Are The Kids Alright?
25 years ago, the book Reviving Ophelia started a national discussion about young women and mental health. Here, the author's daughter examines what has changed for teens since then, and recalls what it was like to be the original “Ophelia”
SOMETIME IN THE mid-1990s, early in my college career, I found myself in the produce section of my local Lincoln, Nebraska, supermarket, shopping with friends for ingredients for (most likely) a complicated vegetarian concoction. I had pink and purple hair, a pierced nose, and was rocking a grunge look pieced together from the sale rack at Family Thrift. Then, as now, I was chubby, irreverent, and goofy.
A cardigan-wearing 40-something woman passed our little group, took in our attire and raucous attitudes, and muttered under her breath, “Reviving Ophelia? More like drowning Ophelia.”
She was referring to Reviving Ophelia, a book which became a national phenomenon after its release in 1994, spending three years on The New York Times’ bestsellers list, including 27 weeks at number one. Reviving began a cultural conversation about adolescent girls’ mental health in the face of objectification, misogynistic advertising, and societal messages about beauty, thinness, and femininity. It made its author, Mary Pipher, a household name. In Lincoln, where Pipher’s from, she was a well-known therapist and educator, and like it or not, she was also my mom. As her “original Ophelia” (my sarcastic family nickname), I was a recognizable figure, too.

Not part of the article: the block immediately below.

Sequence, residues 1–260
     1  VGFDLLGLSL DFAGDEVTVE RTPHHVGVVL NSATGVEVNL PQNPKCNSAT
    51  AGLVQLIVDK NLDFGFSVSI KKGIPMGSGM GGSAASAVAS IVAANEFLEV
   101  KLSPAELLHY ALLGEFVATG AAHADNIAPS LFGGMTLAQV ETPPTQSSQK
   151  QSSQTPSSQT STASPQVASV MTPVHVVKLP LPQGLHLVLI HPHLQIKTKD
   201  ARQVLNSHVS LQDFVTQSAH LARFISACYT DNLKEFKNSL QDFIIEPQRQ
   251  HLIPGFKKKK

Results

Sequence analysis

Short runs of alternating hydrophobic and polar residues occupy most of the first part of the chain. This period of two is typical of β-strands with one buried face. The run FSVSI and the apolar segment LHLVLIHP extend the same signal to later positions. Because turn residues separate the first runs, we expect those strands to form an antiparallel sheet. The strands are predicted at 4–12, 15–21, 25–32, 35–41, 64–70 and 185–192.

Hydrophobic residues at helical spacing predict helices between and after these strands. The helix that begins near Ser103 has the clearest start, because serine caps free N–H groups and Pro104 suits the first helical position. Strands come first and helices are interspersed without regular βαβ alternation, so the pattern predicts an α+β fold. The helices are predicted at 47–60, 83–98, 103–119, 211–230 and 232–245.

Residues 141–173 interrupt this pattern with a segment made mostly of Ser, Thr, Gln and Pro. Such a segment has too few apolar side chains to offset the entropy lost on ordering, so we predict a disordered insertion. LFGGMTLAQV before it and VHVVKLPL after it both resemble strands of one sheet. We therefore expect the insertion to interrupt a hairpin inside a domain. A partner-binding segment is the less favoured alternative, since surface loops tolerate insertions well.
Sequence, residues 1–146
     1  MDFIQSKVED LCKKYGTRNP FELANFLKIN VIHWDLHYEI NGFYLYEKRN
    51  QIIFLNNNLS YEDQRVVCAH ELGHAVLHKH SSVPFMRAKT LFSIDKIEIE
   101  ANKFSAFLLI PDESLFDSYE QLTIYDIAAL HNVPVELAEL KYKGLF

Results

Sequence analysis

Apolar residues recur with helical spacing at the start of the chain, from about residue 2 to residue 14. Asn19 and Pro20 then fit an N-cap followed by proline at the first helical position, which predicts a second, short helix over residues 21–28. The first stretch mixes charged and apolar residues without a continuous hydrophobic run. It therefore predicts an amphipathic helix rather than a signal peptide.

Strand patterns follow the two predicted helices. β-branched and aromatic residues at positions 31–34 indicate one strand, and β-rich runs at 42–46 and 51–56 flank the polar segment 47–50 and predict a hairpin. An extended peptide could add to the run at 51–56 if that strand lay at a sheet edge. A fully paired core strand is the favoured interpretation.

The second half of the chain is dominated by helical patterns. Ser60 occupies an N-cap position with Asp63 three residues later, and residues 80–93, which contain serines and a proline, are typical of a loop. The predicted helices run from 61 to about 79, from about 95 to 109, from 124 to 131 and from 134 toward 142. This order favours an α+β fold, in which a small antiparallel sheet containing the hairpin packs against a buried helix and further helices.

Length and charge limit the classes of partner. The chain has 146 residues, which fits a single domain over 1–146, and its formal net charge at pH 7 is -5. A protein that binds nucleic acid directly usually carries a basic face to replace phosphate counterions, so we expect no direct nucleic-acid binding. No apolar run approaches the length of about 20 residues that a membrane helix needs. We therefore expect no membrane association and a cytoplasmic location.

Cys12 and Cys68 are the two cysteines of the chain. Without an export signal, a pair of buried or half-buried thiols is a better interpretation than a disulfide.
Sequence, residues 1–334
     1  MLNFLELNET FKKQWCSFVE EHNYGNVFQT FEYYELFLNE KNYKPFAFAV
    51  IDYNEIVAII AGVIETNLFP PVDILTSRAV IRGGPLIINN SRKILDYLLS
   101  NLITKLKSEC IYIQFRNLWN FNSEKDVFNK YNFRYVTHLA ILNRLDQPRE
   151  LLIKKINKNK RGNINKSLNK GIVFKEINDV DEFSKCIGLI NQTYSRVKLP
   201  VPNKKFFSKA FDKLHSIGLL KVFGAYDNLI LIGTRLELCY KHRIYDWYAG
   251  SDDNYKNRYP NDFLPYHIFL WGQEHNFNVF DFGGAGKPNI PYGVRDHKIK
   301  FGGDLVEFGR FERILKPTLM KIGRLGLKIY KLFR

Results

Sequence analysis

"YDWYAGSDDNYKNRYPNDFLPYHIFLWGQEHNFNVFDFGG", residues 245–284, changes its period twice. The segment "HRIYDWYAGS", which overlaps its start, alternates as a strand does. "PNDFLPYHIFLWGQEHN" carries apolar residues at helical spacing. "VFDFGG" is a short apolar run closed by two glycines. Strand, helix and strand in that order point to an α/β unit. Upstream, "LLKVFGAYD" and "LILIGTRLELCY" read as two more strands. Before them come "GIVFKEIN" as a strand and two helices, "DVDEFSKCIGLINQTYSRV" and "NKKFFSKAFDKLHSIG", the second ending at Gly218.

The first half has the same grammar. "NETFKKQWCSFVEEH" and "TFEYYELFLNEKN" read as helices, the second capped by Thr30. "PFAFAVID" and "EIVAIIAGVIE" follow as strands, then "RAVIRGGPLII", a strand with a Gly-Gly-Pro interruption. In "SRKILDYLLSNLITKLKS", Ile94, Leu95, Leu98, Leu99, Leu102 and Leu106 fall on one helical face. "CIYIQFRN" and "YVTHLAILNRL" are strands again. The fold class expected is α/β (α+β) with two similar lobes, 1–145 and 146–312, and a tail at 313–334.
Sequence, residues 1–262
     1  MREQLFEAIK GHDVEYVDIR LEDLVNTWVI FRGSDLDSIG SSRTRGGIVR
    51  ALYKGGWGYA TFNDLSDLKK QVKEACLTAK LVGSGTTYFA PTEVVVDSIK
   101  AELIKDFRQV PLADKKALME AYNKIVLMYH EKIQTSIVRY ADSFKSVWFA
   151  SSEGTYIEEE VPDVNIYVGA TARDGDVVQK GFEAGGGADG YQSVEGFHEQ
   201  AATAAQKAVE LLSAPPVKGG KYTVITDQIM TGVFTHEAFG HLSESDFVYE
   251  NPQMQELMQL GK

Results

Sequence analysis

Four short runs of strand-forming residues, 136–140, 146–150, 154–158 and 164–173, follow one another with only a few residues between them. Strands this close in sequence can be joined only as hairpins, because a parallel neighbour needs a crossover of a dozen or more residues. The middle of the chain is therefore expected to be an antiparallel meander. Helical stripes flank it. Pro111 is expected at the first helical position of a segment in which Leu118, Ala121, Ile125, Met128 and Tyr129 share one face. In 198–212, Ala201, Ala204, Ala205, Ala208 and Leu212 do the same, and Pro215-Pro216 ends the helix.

But drowning Ophelia? Not quite. What that caustic shopper didn’t realize was that my generation of girls wasn’t seeking her approval—at least not those in my social circle. The last thing we wanted was to grow up and be conventional. Instead, we were careening off the metaphorical high dive, exploring sexuality and activism and pushing back against previous generations’ stodgy rules and expectations. Nerdy was cool, conformity was verboten, and we loved Lilith Fair, Eddie Vedder, flannel shirts, and Virginia Woolf novels. We reclaimed sexist language and used it to express our burgeoning confidence and power. Even while maintaining our polite Nebraska sensibilities, we were a generation of rebels.
Let me provide some context. Named after Ophelia—Hamlet’s spurned lover who became so confused as she tried to please both her father and paramour that she eventually drowned in a stream—my mother’s book was a call to arms for parents and professionals working with adolescent girls. In the ’90s, she was seeing girls in her therapy practice who were experiencing a litany of problems: drug and alcohol abuse, self-harm, eating disorders, high rates of sexual assault, reckless behaviors, and school truancies. Her book was the first—many followed—to connect these behaviors with popular culture and its sexist and degrading messaging. She reframed the conversation about girls’ needs, and in many ways changed the way psychologists address adolescents’ mental health.